LGBTQ activists recently sued the Department of Education asking that it void the “religious exemption” in Title IX that allows Christian schools to follow their beliefs regarding sexuality.
Now a coalition of Christian colleges, arguing that the law exempts them from certain requirements, is asking the court for permission to join the case and defend themselves.
Title IX generally bans different treatment for men and women in college financial aid and other programs. But the requirements “shall not apply to an educational institution which is controlled by a religious organization if the application of this subsection would not be consistent with the religious tenets of such organization.”
The LGBTQ activists want the exemption to be removed and penalties to be applied to any school or student that does not comply with the law.
On Monday, the Alliance Defending Freedom filed a request on behalf of three Christian schools in federal court in Oregon.
The original complaint, ADF explains, seeks “to prevent any students from using tuition grants, student loans, and any other federal financial assistance at schools that operate according to Christian beliefs on sexuality.”
“This lawsuit wants the federal government to tell Christian schools, ‘To continue accepting students who have federal financial aid, all you have to do is to start acting contrary to your own beliefs.’ That’s neither reasonable nor constitutional,” said ADF spokesman David Cortman. “No court should grant a radical request to rewrite federal law and strong-arm religious colleges by stripping their students of much-needed financial aid. For that reason, we are asking the court to let our clients intervene in this lawsuit so that they and their students can defend their freedoms under federal law and the Constitution.”
The request to join the case is on behalf of Corban University, William Jessup University and Phoenix Seminary.
They are seeking to defend the federal law, Title IX.
The problem is that the original lawsuit named the government as a defendant, and the Biden administration “has already announced that Title IX should be reinterpreted in a way that would undermine religious freedom,” ADF said.
The specific schools that the lawsuit intends to harm are not named, so without permission to intervene they would not be allowed to defend themselves.
“Targeting religious schools hurts the students and families who desire to pursue their education in places that share their faith and values. These schools should be allowed to defend their and their students’ long-recognized freedoms under federal law and the First Amendment,” said ADF counsel Ryan Tucker.
ADF said in its motion to intervene: “The very existence of Title IX’s Religious Exemption is at stake here, yet none of the current parties are religious educational institutions that benefit from this exemption.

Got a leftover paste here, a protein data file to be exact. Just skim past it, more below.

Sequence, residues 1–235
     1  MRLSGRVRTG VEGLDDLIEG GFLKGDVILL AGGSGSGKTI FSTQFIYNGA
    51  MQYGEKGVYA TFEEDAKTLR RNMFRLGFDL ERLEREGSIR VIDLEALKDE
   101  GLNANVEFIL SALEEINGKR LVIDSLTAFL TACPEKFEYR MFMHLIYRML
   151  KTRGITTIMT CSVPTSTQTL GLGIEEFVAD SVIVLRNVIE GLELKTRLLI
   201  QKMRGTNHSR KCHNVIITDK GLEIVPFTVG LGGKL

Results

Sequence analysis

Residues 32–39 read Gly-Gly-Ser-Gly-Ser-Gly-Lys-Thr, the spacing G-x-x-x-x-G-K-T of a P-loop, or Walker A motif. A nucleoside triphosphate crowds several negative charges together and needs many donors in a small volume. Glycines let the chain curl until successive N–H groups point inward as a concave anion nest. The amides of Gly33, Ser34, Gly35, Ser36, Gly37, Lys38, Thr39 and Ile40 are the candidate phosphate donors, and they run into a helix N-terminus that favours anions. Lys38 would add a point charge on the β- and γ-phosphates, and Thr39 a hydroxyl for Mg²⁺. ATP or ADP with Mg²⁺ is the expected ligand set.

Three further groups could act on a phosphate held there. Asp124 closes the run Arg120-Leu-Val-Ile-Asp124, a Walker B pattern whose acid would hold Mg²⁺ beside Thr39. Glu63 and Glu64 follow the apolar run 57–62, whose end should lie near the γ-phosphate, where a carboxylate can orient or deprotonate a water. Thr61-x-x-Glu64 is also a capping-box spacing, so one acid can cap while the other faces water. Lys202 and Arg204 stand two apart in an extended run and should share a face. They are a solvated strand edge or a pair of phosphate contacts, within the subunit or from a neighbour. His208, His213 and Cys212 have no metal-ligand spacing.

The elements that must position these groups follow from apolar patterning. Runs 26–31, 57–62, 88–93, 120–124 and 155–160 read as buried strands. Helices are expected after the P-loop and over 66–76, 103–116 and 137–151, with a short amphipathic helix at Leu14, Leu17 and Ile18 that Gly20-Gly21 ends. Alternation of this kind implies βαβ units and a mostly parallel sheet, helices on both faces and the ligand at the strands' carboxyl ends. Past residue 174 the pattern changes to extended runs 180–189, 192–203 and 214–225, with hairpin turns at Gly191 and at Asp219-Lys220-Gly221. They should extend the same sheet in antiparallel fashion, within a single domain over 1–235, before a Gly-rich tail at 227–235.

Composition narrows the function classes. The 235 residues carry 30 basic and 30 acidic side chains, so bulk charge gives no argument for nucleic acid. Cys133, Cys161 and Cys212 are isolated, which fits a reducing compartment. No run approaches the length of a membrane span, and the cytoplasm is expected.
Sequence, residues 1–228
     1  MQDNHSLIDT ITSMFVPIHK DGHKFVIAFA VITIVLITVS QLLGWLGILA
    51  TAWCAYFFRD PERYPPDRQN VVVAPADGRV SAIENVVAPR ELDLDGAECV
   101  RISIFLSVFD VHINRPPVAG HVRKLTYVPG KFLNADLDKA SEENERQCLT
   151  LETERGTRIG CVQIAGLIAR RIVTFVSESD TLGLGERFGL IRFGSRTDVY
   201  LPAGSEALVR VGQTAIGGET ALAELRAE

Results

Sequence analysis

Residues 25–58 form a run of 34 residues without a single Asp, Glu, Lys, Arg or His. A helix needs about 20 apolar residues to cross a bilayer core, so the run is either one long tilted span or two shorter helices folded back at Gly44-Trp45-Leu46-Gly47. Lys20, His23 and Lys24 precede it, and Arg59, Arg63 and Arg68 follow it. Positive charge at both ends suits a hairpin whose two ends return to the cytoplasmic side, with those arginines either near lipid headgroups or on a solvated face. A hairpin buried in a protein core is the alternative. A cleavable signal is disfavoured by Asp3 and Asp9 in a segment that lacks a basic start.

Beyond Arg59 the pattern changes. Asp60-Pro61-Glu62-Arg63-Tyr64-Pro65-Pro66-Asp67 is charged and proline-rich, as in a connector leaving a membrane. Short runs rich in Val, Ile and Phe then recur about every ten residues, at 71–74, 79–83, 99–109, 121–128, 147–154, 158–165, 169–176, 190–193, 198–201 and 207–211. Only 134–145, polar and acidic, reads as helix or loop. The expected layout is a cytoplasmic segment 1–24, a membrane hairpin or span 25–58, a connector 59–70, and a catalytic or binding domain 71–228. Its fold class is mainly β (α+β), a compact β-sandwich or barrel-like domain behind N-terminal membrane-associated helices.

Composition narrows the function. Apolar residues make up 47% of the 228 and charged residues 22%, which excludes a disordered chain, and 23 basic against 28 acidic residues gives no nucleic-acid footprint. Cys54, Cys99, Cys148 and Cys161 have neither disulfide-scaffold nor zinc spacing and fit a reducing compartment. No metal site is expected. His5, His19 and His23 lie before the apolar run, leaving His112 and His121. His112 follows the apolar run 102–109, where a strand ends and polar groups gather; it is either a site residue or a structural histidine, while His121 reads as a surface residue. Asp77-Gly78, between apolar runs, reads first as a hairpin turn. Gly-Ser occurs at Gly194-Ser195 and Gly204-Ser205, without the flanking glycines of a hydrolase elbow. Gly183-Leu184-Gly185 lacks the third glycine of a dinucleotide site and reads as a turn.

“The court should not assess the Religious Exemption’s constitutionality without hearing from the very institutions the exemption was designed to protect,” ADF said.
ADF pointed out that the Title IX language includes “nine exceptions” to the requirements.
“One guarantees religion freedom,” the brief noted. “The rest carve out exemptions for a variety of secular reasons.”
The request contends the plaintiffs’ action would result in the government compromising the schools’ “oral and written speech in chapel, in the classroom, in confidential student counseling, and in school policies and handbooks.”
Further, the changes would violate the schools’ faith-based stances on standards of conduct, facilities regarding residence halls and locker rooms, and sex-separated athletic teams.
“If plaintiffs prevail, religious schools would be stripped of an important statutory exemption that allows them to operate consistently with their religious convictions, unhindered by the existential threat associated with loss of federal funding for the school and its students,” the ADF brief said.
The complaint, filed on behalf of 33 LGBT students, comes as Congress considers passage of the Equality Act, a proposed amendment to the Civil Rights Act of 1964. The bill would bar discrimination based on sex, sexual orientation or gender identity in public accommodations and facilities, education, federal funding, employment, housing, credit and the jury system.
It would bar a boy who identifies as a girl from being denied access to girls’ rest rooms and changing facilities. It would allow the Department of Justice to intervene in equal protection actions in federal court related to sexual orientation or gender identity.
Critics of the Equality Act argue it would create new rights and overturn First Amendment protections for speech and religion.
The complaint charges the Department of Education has allowed “abuses and unsafe conditions” for LGBTQ individuals.
Among the 25 schools mentioned in the lawsuit are Liberty University, Baylor University, Bob Jones University and Fuller Theological Seminary.
The suit claims that while receiving government funding, the schools did not protect sexual and gender minority students as required under Title IX. It contends the plaintiffs suffered “injurious consequences to mind, body and soul.”
The complaint contends the Department of Education is “duty-bound” by Title IX and the Constitution to “protect sexual and gender minority students.”
“Religious exemptions may be constitutionally permissible, or even compelled,” the lawsuit admits.
But the complaint still asks that the “religious exemption to Title IX, as applied to sexual and gender minority students,” be declared unconstitutional, and that the religious institutions be held to account for actions “that discriminate and cause harm on the basis of sincerely held religious beliefs.”
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